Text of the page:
for a "pstat -s", although it does have a 20g raw swap partition (to
/dev/da0s1b, not to a zpool) allocated.
During the stalls I cannot run a pstat (I tried; it stalls) but when it
unlocks I find that there is swap allocated, albeit not a ridiculous
amount. ~20,000 pages or so have made it to the swap partition. This is
not behavior that I had seen before on this machine prior to the stall
problem, and with the two tuning tweaks discussed here I'm now up to 48
hours without any allocation to swap (or any stalls.)
> * Contents of /etc/sysctl.conf and /boot/loader.conf (re: "tweaking"
> of the system)
# Limit to physical CPU count for threads
# ZFS Prefetch does help, although you'd think it would not due to the
# doing it already. Wrong guess; it's good for 2x the performance.
# We limit the ARC to 2GB of RAM and the TXG write limit to 1GB.
The first three are required for Postgres. The geli thread limit has
been found to provide better performance under heavy load, as the system
will otherwise start 16 threads per geli-attached provider since the
CPUs support hyperthreading.
The two ZFS-related entries at the end, if present, stop the stalls.
Geli is not used on the boot pack; da0 is an old-style MBR disk that is
physically comprised of two 300MB drives in a mirror managed by the
adapter. Swap resides on the traditional "b" slice of that pack; it is
a reasonably-standard "old-style" setup in that regard with separate
root, /home, /var and /usr slices.
# $FreeBSD: src/etc/sysctl.conf,v 1.8 2003/03/13 18:43:50 mux Exp $
# This file is read when going to multi-user and its contents piped thru
# ``sysctl'' to adjust kernel values. ``man 5 sysctl.conf'' for details.
# Uncomment this to prevent users from seeing information about
# are being run under another UID.
# tuning for PostgreSQL
# IP Performance
# Tune for asshole (DDOS) resistance
I suspect (but can't yet prove) that wiring shared memory is likely
involved in this. That makes a BIG difference in Postgres performance,
but I can certainly see where a misbehaving ARC cache could "think" that
the (rather large) shared segment that Postgres has (it currently
allocates 1.5G of shared memory and wires it) can or might "get out of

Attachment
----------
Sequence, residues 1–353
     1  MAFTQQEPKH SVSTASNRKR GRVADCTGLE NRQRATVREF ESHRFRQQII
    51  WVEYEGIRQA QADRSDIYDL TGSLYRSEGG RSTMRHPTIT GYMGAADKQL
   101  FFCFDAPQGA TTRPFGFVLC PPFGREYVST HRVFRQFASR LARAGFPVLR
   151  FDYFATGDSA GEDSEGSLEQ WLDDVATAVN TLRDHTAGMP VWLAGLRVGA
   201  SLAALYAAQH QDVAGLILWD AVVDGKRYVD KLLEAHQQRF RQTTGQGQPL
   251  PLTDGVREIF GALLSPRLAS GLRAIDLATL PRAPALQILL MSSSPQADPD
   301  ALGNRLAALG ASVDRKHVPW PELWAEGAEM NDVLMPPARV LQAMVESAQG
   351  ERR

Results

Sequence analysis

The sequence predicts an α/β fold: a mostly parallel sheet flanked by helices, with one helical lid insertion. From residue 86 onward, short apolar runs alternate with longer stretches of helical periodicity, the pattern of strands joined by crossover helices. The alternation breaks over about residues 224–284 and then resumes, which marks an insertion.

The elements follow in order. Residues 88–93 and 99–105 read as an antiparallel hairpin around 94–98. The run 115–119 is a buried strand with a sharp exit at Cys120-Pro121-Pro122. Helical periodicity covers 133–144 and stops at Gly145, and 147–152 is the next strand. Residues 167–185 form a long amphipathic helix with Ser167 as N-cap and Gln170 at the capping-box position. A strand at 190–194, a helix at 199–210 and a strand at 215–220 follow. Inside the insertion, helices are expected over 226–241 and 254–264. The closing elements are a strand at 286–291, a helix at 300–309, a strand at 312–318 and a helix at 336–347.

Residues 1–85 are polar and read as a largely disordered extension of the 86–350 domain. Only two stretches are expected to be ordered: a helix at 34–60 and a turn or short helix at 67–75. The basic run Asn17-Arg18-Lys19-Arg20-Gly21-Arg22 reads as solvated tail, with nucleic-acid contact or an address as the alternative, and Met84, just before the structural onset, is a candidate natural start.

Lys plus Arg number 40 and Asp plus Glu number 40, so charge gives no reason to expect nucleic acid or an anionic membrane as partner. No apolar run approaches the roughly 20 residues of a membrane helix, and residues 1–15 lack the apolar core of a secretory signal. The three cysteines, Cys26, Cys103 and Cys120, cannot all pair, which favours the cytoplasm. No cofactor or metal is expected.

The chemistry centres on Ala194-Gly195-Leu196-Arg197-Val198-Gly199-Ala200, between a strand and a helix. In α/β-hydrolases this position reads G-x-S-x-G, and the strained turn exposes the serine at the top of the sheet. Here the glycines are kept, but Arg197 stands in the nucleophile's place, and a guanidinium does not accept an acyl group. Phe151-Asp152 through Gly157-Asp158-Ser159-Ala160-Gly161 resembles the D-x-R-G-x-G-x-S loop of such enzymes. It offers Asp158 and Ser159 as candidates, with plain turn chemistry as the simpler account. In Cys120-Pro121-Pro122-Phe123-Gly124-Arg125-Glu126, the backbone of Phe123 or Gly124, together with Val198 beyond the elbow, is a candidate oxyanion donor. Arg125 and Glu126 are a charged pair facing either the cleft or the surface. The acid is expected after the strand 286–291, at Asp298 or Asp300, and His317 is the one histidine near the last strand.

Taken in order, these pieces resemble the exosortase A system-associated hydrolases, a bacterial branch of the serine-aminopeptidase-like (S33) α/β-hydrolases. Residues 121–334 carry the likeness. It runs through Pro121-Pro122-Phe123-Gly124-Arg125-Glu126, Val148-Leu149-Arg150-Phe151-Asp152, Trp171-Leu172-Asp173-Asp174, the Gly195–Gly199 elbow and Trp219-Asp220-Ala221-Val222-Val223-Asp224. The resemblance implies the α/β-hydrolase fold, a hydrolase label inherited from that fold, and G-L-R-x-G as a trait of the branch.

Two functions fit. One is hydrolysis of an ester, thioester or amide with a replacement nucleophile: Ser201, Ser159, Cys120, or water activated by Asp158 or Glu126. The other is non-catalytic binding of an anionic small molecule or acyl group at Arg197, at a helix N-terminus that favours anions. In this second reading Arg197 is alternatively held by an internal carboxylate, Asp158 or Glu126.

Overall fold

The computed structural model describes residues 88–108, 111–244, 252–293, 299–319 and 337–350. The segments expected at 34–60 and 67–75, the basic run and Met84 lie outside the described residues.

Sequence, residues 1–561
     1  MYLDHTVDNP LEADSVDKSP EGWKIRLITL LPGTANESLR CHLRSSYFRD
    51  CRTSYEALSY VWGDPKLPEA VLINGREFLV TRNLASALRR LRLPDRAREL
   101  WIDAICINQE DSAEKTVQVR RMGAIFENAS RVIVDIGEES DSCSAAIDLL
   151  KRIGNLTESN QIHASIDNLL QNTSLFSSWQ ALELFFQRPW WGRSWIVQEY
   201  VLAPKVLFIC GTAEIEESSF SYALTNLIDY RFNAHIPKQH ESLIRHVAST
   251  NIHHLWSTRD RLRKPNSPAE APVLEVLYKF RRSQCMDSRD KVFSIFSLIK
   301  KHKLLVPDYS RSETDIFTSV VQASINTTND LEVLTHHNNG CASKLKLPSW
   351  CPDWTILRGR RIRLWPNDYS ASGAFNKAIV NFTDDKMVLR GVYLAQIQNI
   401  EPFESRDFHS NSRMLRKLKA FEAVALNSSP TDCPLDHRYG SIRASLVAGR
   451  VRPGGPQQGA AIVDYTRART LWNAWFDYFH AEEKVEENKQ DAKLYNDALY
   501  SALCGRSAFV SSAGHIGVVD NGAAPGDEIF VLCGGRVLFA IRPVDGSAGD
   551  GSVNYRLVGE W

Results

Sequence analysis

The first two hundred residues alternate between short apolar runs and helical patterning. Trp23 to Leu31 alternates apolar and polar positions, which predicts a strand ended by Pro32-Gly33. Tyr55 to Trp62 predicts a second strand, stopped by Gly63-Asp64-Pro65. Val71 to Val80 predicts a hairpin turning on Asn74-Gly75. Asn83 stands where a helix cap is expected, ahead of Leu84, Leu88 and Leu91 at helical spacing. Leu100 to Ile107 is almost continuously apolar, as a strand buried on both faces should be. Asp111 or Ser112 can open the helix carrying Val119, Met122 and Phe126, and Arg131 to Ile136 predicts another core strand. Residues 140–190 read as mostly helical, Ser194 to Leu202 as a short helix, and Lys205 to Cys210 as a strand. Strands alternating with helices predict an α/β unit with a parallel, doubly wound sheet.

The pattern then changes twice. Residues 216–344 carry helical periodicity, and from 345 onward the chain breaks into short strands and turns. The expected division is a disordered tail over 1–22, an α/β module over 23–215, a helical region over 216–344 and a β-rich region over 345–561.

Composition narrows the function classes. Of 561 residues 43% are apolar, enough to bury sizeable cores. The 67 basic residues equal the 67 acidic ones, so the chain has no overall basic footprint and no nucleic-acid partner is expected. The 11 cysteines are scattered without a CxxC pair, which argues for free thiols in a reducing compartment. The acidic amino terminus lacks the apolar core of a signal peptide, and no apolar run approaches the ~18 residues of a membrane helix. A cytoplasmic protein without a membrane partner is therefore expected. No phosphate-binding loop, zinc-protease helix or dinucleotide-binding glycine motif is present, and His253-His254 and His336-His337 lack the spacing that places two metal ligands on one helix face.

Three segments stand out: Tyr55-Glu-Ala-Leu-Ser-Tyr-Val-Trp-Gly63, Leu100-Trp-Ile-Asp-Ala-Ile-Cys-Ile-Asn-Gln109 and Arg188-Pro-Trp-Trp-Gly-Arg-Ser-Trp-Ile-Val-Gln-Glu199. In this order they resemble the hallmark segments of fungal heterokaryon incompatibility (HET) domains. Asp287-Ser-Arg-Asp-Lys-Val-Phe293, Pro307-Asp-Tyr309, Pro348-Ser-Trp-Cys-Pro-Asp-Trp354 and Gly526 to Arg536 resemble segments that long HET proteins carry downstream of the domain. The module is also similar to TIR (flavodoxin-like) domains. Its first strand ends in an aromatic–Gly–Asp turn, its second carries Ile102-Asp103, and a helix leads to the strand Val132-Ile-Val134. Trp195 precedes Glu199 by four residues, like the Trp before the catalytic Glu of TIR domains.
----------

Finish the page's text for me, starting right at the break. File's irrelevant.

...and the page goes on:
But it most-certainly won't with kern.ipc.shm_use_phys set.
In normal operation that Postgres server is a hot-spare replication
machine that connects to Asheville; in the event of a catastrophic
failure there it would be promoted and the load would shift here.
> * "sysctl -a | grep zfs" before and after a stall -- do not bother
> with those "ARC summaries" scripts please, at least not for this
> * "vmstat -z" before and after a stall
> * "vmstat -m" before and after a stall
> * "vmstat -s" before and after a stall
> * "vmstat -i" before, after, AND during a stall
> Basically, every person who experiences this problem needs to treat
> every situation uniquely -- no "me too" -- and try to find reliable 100%
> test cases for it. That's the only way bugs of this nature (i.e.
> of a complex nature) get fixed.
I am fortunate enough to have an identical machine that's "cold" in the
rack and will effort spinning that up today; I'm going to attach another
pack to the backup and allow it to resilver, then use that "in anger" to
restore the spare box.
I'm quite sure I can reproduce the workload that causes the stalls;
populating the backup pack as a separate zfs pool (with zfs send | zfs
recv) was what led to it happening here originally.
With that said I've got more than 24 hours on the box that exhibited the
problem with the two tunables in /boot/loader.conf and a sentinal
process that is doing a zpool iostat 5 looking for more than one "all
zeros" I/O line sequentially.
It hasn't happened since I stuck those two lines in there and at this
point two nightly backup runs have gone to completion along with some
fairly heavy user I/O last evening which was plenty of load to provoke
the misbehavior previously.
-- Karl Denninger
/The Market Ticker ®/ <http://market-ticker.org>
Cuda Systems LLC